The entire tone also gets very over-dramatic to the point of gagging ("She'd been preparing for this concert all her life," "She was persophone sprung from the underworld!"), but maybe this type of over-sentamentality was en vogue in the 50's. The book also bounces around in time and among the different characters' lives, and, even though I read this long book straight through in about a month, I often became confused, wondering what the date was and mixing up the characters. And the most annoying thing for me was how far-fetched the plot was. I don't want to give any of it away but pretend that one girl nearly dies in a plane crash, to be miraculously saved at the last moment, another goes to prison in a case of mistaken identity, the third gets hauled off to a mental institution and the fourth is shot by a bandit in a super-market.... all of that could have easily been thrown into the plot of this book along with all the other crazy escapades. To me this unrealistic drama was unnecessary and cheapened the book; I thought just telling the rather common lives of these four women over time would have been enough of a plot and I'm not sure why Abeel did this. From the blurbs and cover this looks like it was a "popular" book when it was published in the early 90's (which seems to go against some of the isolating or elitist references I was complaining about earlier), so maybe Abeel felt that she had to make the book exciting and totally plot-driven.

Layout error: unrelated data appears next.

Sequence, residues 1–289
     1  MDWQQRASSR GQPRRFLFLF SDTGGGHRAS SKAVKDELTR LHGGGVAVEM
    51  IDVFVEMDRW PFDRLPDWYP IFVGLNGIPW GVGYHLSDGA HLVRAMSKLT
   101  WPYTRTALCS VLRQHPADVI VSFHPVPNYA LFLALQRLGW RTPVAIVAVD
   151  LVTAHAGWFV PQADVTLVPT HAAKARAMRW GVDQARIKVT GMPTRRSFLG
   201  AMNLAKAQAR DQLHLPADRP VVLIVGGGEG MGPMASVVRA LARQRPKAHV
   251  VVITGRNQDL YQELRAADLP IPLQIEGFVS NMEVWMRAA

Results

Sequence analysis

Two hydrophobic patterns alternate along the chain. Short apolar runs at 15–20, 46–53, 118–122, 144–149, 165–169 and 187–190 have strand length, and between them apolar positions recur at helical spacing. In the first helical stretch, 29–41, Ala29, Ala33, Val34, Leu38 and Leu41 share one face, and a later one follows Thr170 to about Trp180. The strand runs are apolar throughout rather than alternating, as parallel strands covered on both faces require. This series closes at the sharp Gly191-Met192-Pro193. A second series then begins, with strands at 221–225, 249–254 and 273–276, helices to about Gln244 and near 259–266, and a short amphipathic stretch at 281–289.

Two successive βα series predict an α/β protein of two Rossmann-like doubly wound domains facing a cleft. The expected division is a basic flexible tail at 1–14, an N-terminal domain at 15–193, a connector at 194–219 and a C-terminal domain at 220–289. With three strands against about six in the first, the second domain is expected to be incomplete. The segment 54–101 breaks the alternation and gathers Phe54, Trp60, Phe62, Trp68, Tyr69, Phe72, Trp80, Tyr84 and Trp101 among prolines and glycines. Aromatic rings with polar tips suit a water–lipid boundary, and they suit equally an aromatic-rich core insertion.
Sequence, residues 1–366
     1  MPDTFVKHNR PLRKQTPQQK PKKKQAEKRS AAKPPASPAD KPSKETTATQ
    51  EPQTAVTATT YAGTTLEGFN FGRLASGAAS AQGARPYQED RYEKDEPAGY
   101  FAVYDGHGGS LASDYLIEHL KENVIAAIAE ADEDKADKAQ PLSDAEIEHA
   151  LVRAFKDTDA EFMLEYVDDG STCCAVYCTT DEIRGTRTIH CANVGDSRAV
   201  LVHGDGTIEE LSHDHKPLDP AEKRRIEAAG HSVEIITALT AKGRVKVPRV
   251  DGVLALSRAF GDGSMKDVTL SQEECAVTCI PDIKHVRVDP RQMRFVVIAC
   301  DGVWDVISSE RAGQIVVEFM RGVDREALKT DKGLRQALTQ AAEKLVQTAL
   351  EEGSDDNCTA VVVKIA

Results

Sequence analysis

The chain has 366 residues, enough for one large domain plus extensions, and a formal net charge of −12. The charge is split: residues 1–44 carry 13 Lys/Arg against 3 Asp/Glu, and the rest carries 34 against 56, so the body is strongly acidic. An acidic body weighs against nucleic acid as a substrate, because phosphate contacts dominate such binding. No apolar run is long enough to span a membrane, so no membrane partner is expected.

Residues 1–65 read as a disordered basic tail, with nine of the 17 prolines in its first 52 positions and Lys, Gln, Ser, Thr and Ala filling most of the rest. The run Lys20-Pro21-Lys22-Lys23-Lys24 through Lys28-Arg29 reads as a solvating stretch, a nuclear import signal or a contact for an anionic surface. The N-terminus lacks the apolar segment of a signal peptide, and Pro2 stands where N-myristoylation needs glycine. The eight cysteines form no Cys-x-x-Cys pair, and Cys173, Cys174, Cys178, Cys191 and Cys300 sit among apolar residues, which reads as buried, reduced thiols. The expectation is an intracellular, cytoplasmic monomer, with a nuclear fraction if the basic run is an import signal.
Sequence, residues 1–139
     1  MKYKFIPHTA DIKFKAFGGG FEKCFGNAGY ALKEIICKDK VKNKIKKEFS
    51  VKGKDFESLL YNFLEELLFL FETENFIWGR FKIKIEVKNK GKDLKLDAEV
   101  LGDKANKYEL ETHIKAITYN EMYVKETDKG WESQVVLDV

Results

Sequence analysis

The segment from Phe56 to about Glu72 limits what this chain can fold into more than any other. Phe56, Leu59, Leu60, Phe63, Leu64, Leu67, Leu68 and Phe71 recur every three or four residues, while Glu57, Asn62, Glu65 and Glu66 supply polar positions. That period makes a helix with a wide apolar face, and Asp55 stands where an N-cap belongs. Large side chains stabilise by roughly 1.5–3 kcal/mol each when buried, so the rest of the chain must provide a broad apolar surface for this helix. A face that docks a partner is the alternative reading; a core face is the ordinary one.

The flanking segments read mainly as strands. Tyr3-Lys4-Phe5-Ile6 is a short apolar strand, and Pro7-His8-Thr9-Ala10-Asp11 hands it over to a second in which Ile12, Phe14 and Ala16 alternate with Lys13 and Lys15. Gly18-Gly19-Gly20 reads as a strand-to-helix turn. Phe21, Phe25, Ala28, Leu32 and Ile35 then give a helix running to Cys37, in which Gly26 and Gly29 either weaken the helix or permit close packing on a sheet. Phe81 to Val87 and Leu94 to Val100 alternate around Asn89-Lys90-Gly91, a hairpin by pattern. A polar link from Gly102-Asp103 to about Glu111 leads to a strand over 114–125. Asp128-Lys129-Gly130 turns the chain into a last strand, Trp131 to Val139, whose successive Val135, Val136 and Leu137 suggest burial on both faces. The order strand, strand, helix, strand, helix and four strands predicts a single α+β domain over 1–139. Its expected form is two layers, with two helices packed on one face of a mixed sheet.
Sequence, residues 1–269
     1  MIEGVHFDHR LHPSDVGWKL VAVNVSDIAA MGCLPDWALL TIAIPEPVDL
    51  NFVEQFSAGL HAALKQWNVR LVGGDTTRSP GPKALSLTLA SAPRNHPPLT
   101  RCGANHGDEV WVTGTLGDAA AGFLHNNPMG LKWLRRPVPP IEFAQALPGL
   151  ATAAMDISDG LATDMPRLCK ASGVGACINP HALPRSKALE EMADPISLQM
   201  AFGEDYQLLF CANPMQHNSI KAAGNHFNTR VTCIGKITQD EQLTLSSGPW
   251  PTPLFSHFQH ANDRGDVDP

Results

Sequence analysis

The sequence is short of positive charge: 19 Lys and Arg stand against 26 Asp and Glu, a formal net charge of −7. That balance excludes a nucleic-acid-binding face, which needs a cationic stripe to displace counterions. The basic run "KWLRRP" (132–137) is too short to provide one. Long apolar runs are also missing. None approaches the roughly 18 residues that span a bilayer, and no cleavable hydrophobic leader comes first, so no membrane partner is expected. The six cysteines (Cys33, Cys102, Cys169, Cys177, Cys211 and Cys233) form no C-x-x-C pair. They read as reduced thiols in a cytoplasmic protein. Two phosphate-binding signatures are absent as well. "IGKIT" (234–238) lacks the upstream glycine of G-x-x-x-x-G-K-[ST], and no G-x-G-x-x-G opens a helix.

In the end, though, this book's redeeming qualities are that it is completely relatable and completely readable. I devoured it like I haven't any book in awhile, staying up late or deciding to read instead of do something else because I was so intrigued with the current character's situation. I also like how a theme in the book was writing and that Daisy aspired to be a published writer. Overall I give it four stars and would recommend it to any woman, while challenging her to not to be able to see herself or her female relatives or friends in many of the pages.

For more of my book reviews and posts of interest to readers and writers, please visit my Blogspot blog Voracia: Goddess of Words.
I got this book because of a positive review. I did not like it at all.